(WSYR-TV) — Thanksgiving is now less than four weeks away and just months after deciding to send their children to college campuses amid the pandemic, families are now facing another difficult dilemma.
How will they safely welcome students home without introducing a deadly virus into their households?
Infectious disease specialists from across the country have been weighing in and here’s what many agree that parents and students should be considering to reduce the chances of infecting family members.
Young people who get COVID-19 are more likely to have no symptoms. The incubation period for the virus is highly variable and can last as long as 14 days.
That makes it risky to rely on a negative test result. If a student is infected a week before Thanksgiving, and tests negative a couple of days later, they could be very infectious at the Thanksgiving dinner table and not know.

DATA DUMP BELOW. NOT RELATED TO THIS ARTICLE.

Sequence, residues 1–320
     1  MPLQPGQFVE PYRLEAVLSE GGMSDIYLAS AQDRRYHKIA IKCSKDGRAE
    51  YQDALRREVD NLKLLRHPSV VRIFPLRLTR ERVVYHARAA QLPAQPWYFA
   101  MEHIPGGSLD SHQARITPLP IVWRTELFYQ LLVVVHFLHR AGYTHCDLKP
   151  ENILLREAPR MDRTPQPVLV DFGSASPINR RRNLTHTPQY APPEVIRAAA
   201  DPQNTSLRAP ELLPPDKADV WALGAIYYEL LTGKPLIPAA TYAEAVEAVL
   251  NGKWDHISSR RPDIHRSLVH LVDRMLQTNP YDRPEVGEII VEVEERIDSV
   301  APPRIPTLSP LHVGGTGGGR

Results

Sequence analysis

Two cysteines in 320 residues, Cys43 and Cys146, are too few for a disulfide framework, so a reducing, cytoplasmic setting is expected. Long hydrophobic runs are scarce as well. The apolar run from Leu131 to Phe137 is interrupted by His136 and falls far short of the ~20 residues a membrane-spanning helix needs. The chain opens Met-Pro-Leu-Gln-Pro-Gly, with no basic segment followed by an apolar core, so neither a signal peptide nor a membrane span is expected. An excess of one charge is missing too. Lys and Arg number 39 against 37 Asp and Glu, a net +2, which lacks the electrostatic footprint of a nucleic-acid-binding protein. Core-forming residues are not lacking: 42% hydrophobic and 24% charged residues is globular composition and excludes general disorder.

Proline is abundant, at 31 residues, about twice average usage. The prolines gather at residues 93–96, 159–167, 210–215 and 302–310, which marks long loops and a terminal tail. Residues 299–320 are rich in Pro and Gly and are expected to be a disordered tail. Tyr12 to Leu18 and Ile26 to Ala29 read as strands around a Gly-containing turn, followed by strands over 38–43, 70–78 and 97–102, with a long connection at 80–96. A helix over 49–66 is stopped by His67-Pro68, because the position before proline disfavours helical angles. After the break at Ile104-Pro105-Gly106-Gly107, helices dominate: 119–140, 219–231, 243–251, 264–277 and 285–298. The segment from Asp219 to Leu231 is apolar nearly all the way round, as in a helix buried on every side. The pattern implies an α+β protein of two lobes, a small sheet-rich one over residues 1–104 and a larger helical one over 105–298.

That is where quarantining comes in. Many doctors recommend students quarantine for as long as two weeks at school or preferably at home. If they have to be near others, wearing a mask is essential.
In the days before leaving campus, students should also be tested for coronavirus, preferably with a PCR test.
An epidemiologist from Johns Hopkins acknowledges that some families will want to be together despite the risk.
“It might be safer for kids not to go home, but we’re all aware of the emotional toll of families separated for the holidays,” said Dr. Aaron Milstone with Johns Hopkins Hospital.
Many schools have special guidelines in place for holiday travel.
At SUNY, for instance, all on-campus students will have to test negative before they can leave for Thanksgiving Break.
But, experts cautioned against being lulled into a false sense of security by a single negative test. The test is only a snapshot in time.